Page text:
The Islamic State's Expansion in the Philippines

Mar 22, 2016

A video released by the Islamic State's Al-Furat Media Foundation on March 21 shows a militant brigade called Jund al-Tawhid (Army of God's Unity) pledging allegiance to IS leader Abu Bakr al-Baghdadi. The group named an individual called Abu Ahmad al-Muhajir as its emir. The pledge of allegiance received an official confirmation after it was mentioned in the Islamic State's daily news edition by the official broadcast agency, Al-Bayan.

Jund al-Tawhid is a faction of the Abu Sayyaf Group, a militant organization operating in the Southern Philippines since the early 1990s. While the group has traditionally been affiliated with Al-Qaeda, two other factions have also recently pledged their allegiance to the Islamic State, suggesting that the group may be fragmenting. Several other small groups from the country's Muslim minority also pledged allegiance to the IS leader.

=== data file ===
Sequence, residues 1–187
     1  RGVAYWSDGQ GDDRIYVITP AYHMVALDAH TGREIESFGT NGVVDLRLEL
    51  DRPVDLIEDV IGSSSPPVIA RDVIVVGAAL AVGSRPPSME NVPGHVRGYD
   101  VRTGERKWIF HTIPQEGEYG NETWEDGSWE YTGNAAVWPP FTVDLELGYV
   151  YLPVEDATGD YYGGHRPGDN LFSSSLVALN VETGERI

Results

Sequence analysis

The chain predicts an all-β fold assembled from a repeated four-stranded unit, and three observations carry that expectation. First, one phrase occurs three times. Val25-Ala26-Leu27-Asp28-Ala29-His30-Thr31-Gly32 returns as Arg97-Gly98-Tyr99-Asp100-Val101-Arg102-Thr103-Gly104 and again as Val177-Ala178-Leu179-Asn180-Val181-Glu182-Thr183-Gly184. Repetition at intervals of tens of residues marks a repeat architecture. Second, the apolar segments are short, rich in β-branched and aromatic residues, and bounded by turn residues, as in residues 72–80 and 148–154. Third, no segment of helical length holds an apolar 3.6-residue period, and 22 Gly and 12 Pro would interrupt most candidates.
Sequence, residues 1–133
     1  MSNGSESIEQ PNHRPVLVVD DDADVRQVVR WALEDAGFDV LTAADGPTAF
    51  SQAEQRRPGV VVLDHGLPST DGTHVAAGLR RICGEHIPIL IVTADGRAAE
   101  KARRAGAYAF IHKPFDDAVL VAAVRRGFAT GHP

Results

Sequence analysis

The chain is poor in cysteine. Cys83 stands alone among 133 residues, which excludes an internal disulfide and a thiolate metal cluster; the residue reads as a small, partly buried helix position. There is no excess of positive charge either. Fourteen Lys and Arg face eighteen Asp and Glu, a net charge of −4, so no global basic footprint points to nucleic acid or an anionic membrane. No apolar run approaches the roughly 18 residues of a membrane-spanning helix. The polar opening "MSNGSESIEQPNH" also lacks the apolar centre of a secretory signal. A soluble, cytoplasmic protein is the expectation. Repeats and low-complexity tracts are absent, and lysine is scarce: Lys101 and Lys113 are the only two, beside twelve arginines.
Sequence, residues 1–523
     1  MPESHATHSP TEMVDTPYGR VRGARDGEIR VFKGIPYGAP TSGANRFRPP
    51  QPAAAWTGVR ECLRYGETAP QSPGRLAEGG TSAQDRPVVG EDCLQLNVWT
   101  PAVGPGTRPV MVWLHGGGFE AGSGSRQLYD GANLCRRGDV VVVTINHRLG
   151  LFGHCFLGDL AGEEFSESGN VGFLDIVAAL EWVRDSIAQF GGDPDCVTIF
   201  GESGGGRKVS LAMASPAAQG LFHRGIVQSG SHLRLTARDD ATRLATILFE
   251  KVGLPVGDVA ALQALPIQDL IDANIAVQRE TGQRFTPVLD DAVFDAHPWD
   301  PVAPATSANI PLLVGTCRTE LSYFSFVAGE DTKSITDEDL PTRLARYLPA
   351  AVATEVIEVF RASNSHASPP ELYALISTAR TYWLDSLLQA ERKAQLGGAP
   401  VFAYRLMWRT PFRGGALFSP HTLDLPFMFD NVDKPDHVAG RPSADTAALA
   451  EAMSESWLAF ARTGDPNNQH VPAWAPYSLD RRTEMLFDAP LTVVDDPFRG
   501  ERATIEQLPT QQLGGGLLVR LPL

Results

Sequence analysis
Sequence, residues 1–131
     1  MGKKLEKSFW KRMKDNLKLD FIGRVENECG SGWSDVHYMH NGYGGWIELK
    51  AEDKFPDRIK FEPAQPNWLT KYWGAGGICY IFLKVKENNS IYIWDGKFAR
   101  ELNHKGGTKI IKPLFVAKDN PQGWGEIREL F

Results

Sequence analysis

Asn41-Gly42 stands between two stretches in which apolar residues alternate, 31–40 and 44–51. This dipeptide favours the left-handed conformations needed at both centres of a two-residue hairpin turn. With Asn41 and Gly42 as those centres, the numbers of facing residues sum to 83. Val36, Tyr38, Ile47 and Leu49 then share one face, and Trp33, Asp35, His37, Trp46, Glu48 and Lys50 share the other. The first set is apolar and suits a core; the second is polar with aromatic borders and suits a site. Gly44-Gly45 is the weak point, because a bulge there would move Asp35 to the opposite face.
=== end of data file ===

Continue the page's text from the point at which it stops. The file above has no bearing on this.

The Philippines' largest rebel group, the Moro Islamic Liberation Front, has been engaged in peace talks with the government and the two sides reached an agreement to facilitate the establishment of an autonomous region in the Muslim majority area of Mindanao. However, the Congress of the Philippines failed to approve the agreement last month, and frustration has reportedly been mounting in the region.

Both officials and rebels now fear that the political vacuum will end up being exploited by the Islamic State or by radical militant factions that will pledge allegiance to it. Murad Ibrahim, the leader of the Moro Islamic Liberation Front, warned earlier this month that "IS can capitalize on frustration created by the non-passage of the law." However, Philippines' President Benigno Aquino denied in a recent statement the existence of IS cells in the country, referring to them instead as "mercenaries."


Another Philippine militant faction pledges allegiance to IS